Michael, great to have you with us. I just want to start with, what are we seeing right now? Because we're seeing, at least in the morning, quite a deep sell-off in what I would call momentum stocks. It seems to have come back a bit right now. But what's happening?
- Yeah, there's a bit of a bifurcation in the market. The more tech-heavy momentum names, which had done phenomenally the last year and for part of this year, are really taking it on the chin. It's been a couple of days now. While your more cyclical names or companies that tend to be more sensitive to economic growth have actually fared pretty well.
So the bigger story, at the market level, yeah, you're seeing the NASDAQ's down quite a bit, but the overall market down a bit. But underneath that, a pretty violent rotation occurring the last few days.
- And you've talked, or we've talked, about this rotation before. What is this rotation? What do you expect to see?
- So a lot of this is based off what the bond market's telling you. The interest rate curve has really shifted upwards, meaning longer-dated debt has sold off. It was a big winner going through COVID, as people really fled to safety, and has been selling off quite a bit in the last six months. And with that curve steepening, it is really telling you that the economy is healing and that we should expect much stronger growth this year.
And the key thing here is that growth and the stock market aren't always in sync. The stock market's more of a forward discounter. And within the stock market, those companies that are more sensitive to economic growth that have really done well, or started to do well, are more value cyclicals. Whereas companies where maybe they make money, maybe they don't, but they're more growth year or hope for growth year names have suffered because that discount rate's gone higher. You're looking at long term yields now through 2% in the US. They were below 1% a year ago. And so that's really had an impact on growth names.
- Do you expect to see more of this rotation? I mean, rotation sounds like such a gentle word. It doesn't feel terribly gentle this morning for those who have some of those stocks.
- Yeah, I mean, when you think about rotation and then maybe stare at the dryer for a bit, that's what's really happening. It's very aggressive. And we would think that this year, cases around the world are dropping, I think you'll start to see reopenings in the spring. There's pent up demands. Savings rates have gone quite a bit higher. People are sitting on a lot of cash. And I think you're going to see a real-- we've talked about this-- mini boom, which is going to probably feel more like a boom, come summertime. And that's good for financial, it's good for materials. Not so good for tech. And I think that's probably the tactical position for this year.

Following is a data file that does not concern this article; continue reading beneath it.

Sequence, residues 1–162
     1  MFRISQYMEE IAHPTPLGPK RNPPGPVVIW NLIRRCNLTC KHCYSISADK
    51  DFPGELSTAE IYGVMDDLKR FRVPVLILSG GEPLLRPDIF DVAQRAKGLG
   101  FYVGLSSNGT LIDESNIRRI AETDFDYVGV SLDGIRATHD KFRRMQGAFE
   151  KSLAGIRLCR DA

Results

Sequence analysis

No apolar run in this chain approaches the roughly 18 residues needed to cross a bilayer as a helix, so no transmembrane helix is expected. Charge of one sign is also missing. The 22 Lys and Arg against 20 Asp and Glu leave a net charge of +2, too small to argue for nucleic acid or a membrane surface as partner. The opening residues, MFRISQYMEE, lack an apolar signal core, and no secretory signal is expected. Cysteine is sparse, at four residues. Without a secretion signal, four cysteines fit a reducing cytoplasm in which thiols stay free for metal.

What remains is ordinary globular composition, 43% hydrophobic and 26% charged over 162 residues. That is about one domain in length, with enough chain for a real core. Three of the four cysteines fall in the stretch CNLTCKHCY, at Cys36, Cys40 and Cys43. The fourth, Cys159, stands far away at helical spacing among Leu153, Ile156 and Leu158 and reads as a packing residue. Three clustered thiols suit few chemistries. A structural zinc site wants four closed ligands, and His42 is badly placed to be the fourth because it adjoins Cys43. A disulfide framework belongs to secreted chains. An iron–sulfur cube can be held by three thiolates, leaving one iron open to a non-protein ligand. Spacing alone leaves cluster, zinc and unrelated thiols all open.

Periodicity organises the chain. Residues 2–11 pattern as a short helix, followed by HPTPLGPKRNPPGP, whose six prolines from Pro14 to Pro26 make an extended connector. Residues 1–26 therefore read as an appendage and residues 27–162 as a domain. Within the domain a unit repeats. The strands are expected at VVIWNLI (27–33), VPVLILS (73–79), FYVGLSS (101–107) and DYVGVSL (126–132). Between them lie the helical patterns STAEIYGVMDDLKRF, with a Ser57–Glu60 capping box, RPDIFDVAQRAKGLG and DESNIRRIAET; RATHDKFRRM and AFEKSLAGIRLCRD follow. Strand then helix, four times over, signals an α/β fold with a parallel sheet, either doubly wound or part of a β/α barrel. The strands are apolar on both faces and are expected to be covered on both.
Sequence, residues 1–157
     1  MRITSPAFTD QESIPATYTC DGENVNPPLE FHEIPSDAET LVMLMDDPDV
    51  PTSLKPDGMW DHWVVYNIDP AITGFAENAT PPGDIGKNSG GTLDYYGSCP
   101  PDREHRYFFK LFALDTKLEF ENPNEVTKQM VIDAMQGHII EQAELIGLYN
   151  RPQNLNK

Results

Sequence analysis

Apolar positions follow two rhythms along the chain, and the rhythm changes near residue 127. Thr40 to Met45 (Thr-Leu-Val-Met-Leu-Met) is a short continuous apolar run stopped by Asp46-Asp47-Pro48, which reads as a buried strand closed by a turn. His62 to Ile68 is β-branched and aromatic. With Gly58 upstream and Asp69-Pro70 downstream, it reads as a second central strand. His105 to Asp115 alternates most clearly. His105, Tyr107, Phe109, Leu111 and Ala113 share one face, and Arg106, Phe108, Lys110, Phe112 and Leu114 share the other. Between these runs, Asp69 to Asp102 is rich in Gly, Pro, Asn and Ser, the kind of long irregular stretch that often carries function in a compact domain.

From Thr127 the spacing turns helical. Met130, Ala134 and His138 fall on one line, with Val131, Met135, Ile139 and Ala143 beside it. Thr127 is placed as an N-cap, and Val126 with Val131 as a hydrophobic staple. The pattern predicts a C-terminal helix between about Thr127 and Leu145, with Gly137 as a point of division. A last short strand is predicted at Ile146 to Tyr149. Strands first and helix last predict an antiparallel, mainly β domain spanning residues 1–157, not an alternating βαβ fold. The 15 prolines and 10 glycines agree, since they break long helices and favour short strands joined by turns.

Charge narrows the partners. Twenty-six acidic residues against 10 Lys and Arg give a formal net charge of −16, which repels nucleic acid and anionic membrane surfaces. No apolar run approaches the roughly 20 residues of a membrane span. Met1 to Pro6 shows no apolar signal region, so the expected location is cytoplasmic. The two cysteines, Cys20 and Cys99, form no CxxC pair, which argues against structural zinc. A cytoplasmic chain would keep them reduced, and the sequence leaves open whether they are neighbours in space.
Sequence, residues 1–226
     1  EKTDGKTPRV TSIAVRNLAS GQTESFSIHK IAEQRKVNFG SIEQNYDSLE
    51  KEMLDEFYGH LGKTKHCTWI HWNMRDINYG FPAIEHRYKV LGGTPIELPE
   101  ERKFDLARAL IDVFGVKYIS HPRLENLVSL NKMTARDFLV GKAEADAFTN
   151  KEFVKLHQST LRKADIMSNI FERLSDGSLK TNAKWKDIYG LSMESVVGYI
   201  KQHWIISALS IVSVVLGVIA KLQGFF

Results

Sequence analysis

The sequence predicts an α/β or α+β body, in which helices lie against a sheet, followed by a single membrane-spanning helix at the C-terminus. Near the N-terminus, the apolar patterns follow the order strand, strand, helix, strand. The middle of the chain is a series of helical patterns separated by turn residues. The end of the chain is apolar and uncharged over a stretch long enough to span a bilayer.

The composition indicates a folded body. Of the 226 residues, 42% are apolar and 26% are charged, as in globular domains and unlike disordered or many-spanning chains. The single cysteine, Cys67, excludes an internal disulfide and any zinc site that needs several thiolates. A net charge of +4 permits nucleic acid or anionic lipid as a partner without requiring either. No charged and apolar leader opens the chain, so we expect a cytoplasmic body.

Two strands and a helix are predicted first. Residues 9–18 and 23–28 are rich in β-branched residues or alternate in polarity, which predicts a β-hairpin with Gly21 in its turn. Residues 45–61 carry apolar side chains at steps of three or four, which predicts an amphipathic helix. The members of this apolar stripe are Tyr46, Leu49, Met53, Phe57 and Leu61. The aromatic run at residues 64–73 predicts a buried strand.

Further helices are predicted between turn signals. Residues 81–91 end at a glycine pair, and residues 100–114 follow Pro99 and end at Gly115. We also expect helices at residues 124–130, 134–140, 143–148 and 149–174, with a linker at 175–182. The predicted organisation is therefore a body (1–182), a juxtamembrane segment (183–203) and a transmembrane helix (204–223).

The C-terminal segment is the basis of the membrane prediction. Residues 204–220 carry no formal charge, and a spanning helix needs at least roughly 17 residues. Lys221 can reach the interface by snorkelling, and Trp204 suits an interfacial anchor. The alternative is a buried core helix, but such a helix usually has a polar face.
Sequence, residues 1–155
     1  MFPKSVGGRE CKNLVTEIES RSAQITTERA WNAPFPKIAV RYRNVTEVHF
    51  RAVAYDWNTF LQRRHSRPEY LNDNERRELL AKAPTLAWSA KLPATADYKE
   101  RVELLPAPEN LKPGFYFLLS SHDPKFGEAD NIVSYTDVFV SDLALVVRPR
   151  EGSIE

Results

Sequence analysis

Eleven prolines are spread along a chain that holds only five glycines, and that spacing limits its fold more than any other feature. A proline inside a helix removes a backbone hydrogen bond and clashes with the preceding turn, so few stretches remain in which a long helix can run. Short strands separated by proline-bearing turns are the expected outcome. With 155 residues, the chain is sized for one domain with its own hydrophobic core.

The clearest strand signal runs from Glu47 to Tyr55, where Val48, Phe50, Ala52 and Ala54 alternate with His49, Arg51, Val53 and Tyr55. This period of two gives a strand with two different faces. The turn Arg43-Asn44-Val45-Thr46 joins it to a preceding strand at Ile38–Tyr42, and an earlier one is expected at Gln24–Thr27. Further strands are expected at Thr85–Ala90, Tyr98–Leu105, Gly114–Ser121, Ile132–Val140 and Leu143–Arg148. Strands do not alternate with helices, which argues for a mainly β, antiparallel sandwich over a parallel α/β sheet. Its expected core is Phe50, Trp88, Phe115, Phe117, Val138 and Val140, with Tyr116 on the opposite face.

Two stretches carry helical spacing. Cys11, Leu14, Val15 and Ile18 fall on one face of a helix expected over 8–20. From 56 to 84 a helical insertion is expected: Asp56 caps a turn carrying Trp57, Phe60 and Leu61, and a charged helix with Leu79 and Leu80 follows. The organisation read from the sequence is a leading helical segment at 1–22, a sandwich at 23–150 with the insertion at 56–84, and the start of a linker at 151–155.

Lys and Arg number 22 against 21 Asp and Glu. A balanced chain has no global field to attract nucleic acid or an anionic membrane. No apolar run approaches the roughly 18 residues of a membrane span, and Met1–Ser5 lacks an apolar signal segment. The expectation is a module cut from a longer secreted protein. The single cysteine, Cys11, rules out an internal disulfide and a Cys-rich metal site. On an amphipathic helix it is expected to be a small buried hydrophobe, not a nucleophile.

Longer term, like if you had to pin me down and say, where do you want to be for 10 years? I think technology is still probably going to be a winner. But I think after seeing some phenomenal gains, you're seeing a bit of a retracement. This is very, very healthy, by the way. I mean, when you're up 200% on a name and they give back 10% or 15%, not the end of the world. In many ways, this is enforcing a bit of discipline. I think people started to feel like the markets were easy, anyone could make money. And it's days like this you're reminded that the market can kind of lull you in but be quite brutal when it starts to shift. And that's what's happening now. I think people are caught offside and are feeling it. So that's the key for us.
Last question for you. The Fed has come out and been, I'd say, clear in that they're in no hurry to move rates up any time soon and they keep reemphasizing that message. Is that helping with, I'd say, some of the volatility we're seeing right now? Because that's part of the reason we're seeing some of the excitement around momentum.
- Well, it's soothing things. There's a bit of a challenge here. The Fed is ultra dovish. The Treasury Secretary Yellen has been very, very aggressive on what they're going to do fiscally. So the big difference now is that you sometimes get policymakers always fighting the last war. After the great financial crisis, the mistake that governments made was they pulled back too quickly. In the UK, they went to austerity. In the US, they went to primary surplus quite quickly. And then you had, as a result, 10 years of somewhat anemic growth.
This time around, I think you're going to see the opposite, where policymakers are really going to push and really spend and so we should really be mindful of that curve steepening more. And at some point, the Fed might be tested here to come in and really try to maintain here, whether it be curve control or come in and suppress longer term rates. This is not a core view but it's not a zero probability either.
I think for risks, this is some risk I think we need to pay attention to in terms of at what point does the bond market steepen too much and people get a bit worried. We're not there yet but something I think we'll likely want to look into come the summer.
Mike, always great to talk to you. Thanks so much.
- It's my pleasure, Kim.